Poikiloderma with neutropenia (PN) is a disorder that mainly affects the skin and the immune system.
This condition begins with a bumpy rash that usually appears between the ages of 6 and 12 months, gradually spreading from the arms and legs to the torso and face. At about age 2, the rash fades, and the affected child is left with darker and lighter patches of skin coloring (hyperpigmentation and hypopigmentation) and small clusters of blood vessels just under the skin (telangiectases); this combination is known as poikiloderma. Other skin problems include unusually thick skin on the palms of the hands and soles of the feet (palmoplantar keratoderma); calcium deposits that form small nodules (calcinosis cutis), especially on the knees, elbows, or ears; or sores (ulcers) that do not easily heal. Affected individuals also have fingernails and toenails that are thick and abnormally shaped (pachyonychia), fragile teeth, and low bone density.
People with PN have chronic neutropenia, which is a persistent shortage (deficiency) of neutrophils. Neutrophils are a type of white blood cell that plays a role in inflammation and in fighting infection. Neutropenia makes it more difficult for the body to fight off pathogens such as bacteria and viruses. As a result, people with PN experience recurrent sinus infections and pneumonia, especially in the first few years of life. They often develop a condition called bronchiectasis, which damages the passages leading from the windpipe to the lungs (bronchi) and can cause breathing problems. The infections become less frequent after early childhood, but throughout life affected individuals usually have a chronic cough or a reactive airway disease. This term describes asthma and other conditions in which the airways abnormally constrict in response to stimuli such as smoke or a viral infection, leading to wheezing and shortness of breath.
Researchers suggest that PN may increase the risk of cancer, although the level of risk is difficult to determine because only a small number of people have been diagnosed with PN. A type of skin cancer called squamous cell carcinoma, a precancerous blood disorder known as myelodysplastic syndrome (MDS), and a blood cancer called acute myelogenous leukemia that often follows MDS have occurred in a few people with PN.
Some individuals with PN also develop unusual facial features as they grow. These features include a prominent forehead (frontal bossing), widely spaced eyes (hypertelorism), a flat or sunken appearance of the middle of the face (midface hypoplasia), a small nose with a depressed nasal bridge, and a chin that protrudes (prognathism). Short stature and hypogonadotropic hypogonadism (a condition affecting the production of hormones that direct sexual development) can also occur in this disorder.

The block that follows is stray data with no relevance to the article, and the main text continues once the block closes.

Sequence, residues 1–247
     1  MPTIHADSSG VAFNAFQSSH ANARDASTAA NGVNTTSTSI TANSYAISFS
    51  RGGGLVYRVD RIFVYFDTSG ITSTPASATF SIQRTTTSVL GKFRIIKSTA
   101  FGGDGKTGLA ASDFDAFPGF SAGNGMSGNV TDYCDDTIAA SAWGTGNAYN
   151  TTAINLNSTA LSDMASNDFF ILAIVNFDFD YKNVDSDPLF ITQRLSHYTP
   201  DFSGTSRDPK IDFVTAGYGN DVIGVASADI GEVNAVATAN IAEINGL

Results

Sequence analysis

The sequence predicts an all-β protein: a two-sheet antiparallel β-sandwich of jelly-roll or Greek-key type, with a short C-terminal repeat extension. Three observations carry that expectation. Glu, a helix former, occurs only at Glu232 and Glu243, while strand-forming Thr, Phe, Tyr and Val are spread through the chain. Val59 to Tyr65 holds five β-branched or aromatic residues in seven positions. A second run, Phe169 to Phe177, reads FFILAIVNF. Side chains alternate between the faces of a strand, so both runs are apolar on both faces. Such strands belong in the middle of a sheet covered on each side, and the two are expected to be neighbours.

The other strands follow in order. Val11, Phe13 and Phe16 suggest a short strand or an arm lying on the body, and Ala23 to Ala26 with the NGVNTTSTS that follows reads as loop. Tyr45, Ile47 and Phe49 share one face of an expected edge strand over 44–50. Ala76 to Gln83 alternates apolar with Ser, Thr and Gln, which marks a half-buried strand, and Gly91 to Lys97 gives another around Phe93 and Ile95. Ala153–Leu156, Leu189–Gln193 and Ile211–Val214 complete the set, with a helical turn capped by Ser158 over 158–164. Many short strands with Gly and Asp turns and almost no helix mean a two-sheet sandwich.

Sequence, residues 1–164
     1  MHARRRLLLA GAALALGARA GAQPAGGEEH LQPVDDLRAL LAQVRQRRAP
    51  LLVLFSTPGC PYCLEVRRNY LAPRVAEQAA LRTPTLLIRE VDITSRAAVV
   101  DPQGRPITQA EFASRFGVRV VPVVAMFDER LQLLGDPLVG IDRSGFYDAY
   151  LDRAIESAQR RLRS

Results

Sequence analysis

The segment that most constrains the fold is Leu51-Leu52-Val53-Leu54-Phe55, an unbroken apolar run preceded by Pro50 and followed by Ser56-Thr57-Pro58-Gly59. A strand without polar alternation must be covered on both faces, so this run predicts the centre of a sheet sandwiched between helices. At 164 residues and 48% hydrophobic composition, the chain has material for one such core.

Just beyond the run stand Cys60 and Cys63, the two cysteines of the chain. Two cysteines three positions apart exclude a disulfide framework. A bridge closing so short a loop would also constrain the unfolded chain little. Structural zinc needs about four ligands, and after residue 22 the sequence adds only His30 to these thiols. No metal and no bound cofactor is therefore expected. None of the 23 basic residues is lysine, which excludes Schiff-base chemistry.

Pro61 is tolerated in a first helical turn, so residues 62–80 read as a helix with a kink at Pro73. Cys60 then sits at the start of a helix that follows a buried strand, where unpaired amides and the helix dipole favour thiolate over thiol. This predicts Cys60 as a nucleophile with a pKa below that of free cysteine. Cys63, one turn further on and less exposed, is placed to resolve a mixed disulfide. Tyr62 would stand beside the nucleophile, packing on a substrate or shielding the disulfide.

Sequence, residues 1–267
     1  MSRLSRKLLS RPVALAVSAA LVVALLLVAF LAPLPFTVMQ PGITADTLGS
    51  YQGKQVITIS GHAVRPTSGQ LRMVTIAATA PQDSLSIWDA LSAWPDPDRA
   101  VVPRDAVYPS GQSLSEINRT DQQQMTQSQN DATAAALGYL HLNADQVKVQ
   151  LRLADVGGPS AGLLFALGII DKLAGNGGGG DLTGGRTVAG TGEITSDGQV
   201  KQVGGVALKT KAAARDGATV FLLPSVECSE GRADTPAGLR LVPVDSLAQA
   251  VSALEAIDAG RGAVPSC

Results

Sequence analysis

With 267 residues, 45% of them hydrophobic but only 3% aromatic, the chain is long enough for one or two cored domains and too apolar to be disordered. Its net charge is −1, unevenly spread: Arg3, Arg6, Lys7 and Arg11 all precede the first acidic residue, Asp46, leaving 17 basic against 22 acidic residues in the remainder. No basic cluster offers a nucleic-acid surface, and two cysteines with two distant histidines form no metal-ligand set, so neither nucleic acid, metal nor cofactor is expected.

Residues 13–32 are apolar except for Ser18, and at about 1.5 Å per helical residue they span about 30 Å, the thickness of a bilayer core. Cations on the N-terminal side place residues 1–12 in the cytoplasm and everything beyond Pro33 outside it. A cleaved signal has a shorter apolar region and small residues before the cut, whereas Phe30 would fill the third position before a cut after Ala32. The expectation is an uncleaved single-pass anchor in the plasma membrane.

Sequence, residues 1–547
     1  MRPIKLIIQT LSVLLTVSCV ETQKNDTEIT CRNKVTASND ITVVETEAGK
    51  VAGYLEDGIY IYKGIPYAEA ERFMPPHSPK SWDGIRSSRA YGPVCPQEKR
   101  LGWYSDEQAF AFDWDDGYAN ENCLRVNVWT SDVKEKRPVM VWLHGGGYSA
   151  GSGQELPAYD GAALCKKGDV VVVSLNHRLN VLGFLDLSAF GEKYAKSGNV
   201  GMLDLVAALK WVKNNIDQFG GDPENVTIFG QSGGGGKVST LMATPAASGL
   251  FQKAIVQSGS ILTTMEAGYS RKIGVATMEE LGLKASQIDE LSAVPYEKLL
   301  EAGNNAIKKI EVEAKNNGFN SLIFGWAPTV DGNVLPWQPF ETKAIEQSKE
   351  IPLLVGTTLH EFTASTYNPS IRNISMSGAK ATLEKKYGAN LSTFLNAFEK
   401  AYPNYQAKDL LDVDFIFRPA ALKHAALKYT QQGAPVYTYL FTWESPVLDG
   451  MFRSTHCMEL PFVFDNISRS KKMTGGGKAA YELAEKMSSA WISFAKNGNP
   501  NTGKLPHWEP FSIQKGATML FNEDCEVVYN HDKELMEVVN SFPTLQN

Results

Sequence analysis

The prevalence of PN is unknown; only about 100 affected individuals have been described in the medical literature. Although it was first described in the Navajo population of the southwestern United States, it has since been identified in other individuals worldwide.
PN is caused by mutations in the USB1 gene. This gene provides instructions for making an enzyme that functions as an RNA exonuclease. RNA exonucleases cut off (cleave) building blocks called nucleotides one at a time from molecules of RNA (a chemical cousin of DNA). This process helps stabilize the RNA and protects it from damage. Specifically, the USB1 enzyme protects a small RNA molecule called U6, which helps in the assembly of the blueprints for protein production.
Different versions (isoforms) of the USB1 enzyme are produced in different tissues, where they play various roles. In blood-forming tissues, the USB1 enzyme is thought to play a role in the maturation of neutrophils. In the skin, the enzyme is found in pigment-producing cells (melanocytes), cells in the outer layer of the skin called keratinocytes, and structural cells called fibroblasts. Its role in the function of these cells is unknown.
Mutations in the USB1 gene are thought to lead to an enzyme whose function is impaired. As a result of the dysfunctional USB1 exonuclease, the U6 RNA is not protected from damage. The specific connection between USB1 gene mutations and the signs and symptoms of PN is unknown. However, the existence of tissue-specific isoforms of the enzyme could help explain why this disorder mainly affects the skin and immune system.
This condition is inherited in an autosomal recessive pattern, which means both copies of the gene in each cell have mutations. The parents of an individual with an autosomal recessive condition each carry one copy of the mutated gene, but they typically do not show signs and symptoms of the condition.